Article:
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Meselson, Stahl, and the Replication of DNAA History of "The Most Beautiful Experiment in Biology"$
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Frederic Lawrence Holmes

Print publication date: 2001

Print ISBN-13: 9780300085402

Published to Yale Scholarship Online: October 2013

DOI: 10.12987/yale/9780300085402.001.0001

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Centrifugal Forces

Centrifugal Forces

Chapter:
(p.352) Chapter Eleven Centrifugal Forces
Source:
Meselson, Stahl, and the Replication of DNA
Author(s):

Frederic Lawrence Holmes

Publisher:
Yale University Press
DOI:10.12987/yale/9780300085402.003.0012

This chapter elaborates on the story of how word of the spectacular experiment Matt Meselson and Frank Stahl had performed spread through the community of scientists concerned with the biological role of DNA. By this time also, scientists in other laboratories were beginning to inquire how they might apply the density gradient method to their own problems. On 27 December, for example, Salvador Luria wrote to Meselson for suggestions about how density gradient analysis could help him to separate particles of P1 transducing phage that appeared to lack part of the normal phage genome and to separate mutants of another phage that he suspected of containing “different amounts of bacterial DNA.” However, even though Stahl continued to help with the biological preparations and with the analysis of the data emanating from Meselson's centrifuge runs, he privately felt peripheral to the project.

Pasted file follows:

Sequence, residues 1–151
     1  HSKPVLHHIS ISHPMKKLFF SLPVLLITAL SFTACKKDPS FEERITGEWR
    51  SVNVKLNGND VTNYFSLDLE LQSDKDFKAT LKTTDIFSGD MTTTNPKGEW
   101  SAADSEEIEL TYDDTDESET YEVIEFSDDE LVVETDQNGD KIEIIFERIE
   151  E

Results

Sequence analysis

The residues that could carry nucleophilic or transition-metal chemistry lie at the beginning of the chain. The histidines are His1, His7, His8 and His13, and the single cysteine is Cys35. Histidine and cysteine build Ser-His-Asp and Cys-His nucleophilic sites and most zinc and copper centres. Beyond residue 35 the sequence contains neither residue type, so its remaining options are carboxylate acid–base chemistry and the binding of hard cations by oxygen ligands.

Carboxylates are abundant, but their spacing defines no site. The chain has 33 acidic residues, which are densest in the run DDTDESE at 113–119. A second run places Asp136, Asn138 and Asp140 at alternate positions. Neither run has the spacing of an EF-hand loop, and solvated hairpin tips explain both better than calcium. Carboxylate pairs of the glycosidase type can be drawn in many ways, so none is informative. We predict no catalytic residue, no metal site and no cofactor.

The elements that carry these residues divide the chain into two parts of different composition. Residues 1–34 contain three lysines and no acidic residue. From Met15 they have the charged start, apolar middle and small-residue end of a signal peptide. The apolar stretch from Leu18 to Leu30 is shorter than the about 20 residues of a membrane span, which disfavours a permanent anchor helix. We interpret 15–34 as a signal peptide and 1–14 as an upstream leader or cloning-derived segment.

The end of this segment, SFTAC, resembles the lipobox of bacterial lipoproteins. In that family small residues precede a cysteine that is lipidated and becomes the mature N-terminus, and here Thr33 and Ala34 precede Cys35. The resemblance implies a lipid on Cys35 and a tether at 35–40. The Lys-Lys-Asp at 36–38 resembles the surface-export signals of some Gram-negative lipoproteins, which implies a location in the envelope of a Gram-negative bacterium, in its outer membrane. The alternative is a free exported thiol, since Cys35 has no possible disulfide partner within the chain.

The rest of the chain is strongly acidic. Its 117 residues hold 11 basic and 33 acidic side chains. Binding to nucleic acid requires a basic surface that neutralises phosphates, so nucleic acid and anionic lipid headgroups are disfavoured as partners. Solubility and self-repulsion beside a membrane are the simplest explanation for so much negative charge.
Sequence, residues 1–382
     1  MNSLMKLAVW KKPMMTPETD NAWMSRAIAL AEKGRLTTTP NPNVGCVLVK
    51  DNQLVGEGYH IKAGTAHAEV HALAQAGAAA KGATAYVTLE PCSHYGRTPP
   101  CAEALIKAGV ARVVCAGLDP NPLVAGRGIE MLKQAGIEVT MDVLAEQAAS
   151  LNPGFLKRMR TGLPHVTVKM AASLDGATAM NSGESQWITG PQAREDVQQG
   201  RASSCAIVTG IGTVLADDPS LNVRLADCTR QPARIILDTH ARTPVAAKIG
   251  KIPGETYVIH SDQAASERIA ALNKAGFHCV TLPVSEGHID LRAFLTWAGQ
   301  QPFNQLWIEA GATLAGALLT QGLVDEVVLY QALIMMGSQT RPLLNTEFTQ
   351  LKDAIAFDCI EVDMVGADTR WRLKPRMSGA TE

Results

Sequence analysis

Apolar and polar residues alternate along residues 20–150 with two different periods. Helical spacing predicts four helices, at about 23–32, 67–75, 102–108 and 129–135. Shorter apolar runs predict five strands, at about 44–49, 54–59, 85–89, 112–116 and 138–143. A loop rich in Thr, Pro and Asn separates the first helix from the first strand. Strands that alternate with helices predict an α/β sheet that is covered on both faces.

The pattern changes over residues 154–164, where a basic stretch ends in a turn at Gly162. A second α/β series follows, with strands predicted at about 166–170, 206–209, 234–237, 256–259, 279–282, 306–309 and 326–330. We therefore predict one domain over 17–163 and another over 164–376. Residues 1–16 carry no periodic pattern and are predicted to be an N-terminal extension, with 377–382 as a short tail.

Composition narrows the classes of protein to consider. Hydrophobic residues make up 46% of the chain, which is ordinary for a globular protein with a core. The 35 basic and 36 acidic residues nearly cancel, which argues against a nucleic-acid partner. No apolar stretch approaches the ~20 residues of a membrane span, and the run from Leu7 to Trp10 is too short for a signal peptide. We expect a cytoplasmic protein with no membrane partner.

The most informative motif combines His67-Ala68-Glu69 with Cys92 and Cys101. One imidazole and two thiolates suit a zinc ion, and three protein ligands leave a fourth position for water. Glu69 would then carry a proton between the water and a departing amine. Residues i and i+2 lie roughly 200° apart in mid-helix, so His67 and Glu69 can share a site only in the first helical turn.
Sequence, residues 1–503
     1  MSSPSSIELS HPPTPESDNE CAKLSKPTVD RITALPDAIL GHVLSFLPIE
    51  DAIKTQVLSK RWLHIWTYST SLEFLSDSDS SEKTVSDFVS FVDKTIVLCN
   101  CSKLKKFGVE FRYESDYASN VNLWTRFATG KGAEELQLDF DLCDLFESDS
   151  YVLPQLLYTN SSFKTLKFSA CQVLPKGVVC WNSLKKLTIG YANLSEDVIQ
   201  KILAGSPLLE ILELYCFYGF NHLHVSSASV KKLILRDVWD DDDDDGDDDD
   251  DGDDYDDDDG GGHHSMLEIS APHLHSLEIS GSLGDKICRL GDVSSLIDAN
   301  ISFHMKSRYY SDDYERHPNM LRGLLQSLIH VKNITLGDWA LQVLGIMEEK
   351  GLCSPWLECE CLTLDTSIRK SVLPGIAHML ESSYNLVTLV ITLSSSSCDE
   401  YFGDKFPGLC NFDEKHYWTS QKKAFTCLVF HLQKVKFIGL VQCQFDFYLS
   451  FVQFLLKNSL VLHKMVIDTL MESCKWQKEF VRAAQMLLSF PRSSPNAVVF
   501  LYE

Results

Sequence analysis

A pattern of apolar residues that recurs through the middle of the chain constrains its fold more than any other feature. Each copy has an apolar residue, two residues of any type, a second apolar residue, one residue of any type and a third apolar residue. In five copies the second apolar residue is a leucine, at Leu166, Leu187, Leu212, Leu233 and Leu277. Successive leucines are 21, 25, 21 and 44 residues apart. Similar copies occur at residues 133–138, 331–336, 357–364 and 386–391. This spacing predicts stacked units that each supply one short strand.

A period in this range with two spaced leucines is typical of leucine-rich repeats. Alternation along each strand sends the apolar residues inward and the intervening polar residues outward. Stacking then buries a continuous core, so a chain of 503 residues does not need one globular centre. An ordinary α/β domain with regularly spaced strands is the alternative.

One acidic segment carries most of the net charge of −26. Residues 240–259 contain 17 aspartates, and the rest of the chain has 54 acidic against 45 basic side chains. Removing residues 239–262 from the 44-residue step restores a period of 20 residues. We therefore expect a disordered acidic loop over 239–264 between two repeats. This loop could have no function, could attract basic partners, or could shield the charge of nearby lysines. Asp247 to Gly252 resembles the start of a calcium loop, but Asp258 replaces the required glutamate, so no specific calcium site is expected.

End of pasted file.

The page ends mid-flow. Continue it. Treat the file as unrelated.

Keywords:   experiment, scientists, biological role, DNA, density gradient method, Salvador Luria, P1 transducing phage, bacterial DNA

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